Earlier this month, City Harvest Inc. auctioned a dinner for 12 cooked by Eric Ripert that brought the charity $80,000.
This week, Le Bernardin’s executive chef is luring foodies to a $1,000-a-person charity banquet cooked by star chefs at the Pierre Hotel to benefit the Tibet Fund, which aids exiles.
“Tibetan people are oppressed,” said Ripert, 46, a Buddhist who supports many Tibetan causes, in an interview at his restaurant. But they have “decided to fight in a peaceful way. I like that.”
For tomorrow’s Tibet Fund event, Ripert enlisted all-star chefs, each of whom will prepare a special menu for groups of 20 ticket buyers. The organization also will honor Richard Gere, a longtime supporter who helped the Tibet Fund buy its office space, and Donald and Shelley Rubin, the founders of Manhattan’s Rubin Museum of Art.
Ripert will make langoustine; “Top Chef” judge Tom Colicchio will serve slow-cooked farm egg and spring peas; April Bloomfield of The Spotted Pig and The Breslin plans to serve poached cod. Other chefs participating include Annisa’s Anita Lo (sea scallop ceviche); Del Posto’s Mark Ladner (pasta and fagioli); Millesime’s Laurent Manrique (roasted duck breast); and Scott Conant of Scarpetta in Los Angeles (ramp and fava risotto).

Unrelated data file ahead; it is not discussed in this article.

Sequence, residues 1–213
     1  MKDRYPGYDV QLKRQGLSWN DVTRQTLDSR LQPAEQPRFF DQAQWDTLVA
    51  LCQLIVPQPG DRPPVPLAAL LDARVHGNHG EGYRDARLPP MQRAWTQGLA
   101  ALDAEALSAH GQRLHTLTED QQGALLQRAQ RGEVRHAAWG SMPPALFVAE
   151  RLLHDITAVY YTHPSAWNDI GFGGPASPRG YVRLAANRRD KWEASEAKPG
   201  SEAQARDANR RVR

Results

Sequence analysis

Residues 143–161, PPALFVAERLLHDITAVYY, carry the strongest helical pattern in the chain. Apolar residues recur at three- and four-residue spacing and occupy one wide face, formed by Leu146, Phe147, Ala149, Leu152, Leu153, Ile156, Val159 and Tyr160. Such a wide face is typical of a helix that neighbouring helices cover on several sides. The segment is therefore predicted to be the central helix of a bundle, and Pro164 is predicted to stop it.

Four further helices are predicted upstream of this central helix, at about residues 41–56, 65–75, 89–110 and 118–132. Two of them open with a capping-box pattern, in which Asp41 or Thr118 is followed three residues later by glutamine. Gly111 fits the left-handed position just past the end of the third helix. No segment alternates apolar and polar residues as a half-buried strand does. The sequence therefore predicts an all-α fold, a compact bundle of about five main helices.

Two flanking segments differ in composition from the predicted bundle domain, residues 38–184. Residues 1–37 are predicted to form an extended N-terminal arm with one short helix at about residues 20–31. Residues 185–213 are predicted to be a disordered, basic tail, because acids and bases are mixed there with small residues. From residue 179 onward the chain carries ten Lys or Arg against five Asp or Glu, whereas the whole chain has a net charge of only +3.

Ripert began supporting the Tibet Fund about three years ago when he became a sponsor for its discussion series, Wisdom & Compassion for Challenging Times.
“Eric is a truly compassionate man, and he’s very, very down to earth,” Tibet Fund President Rinchen Dharlo said by phone. “More important, his help came at a time when the economy was down and our income shrank.”
Born in Antibes, France, and raised in Andorra, Ripert left home at age 15 to attend culinary school. At 17, he was cooking at the legendary La Tour d’Argent in Paris. After working as a sous-chef at Jean Louis at Washington’s Watergate Hotel, he came to New York in 1991 to work as a sous-chef for David Bouley before Le Bernardin recruited him. In 1997, he was regarded as one of the top chefs in the world. When the Michelin Guide made its debut in the U.S. in 2005, it gave Le Bernardin its highest rating of three stars, and repeated the honor in 2006 and 2007.
Ripert said he became interested in charity work one night when he saw homeless people on the street near Le Bernardin’s doors. He became a supporter of City Harvest, the New York charity that re-distributes about 23 million pounds of food each year.
He donated $1 for every lunch and dinner served at Le Bernardin in 2009 for a total of about $93,000.
With the economy in decline, “I wasn’t sure that we were not going to be laying off people,” said Ripert, a City Harvest board member. “We were able to write a check to City Harvest every month, and at the end of the year, I was very, very happy.”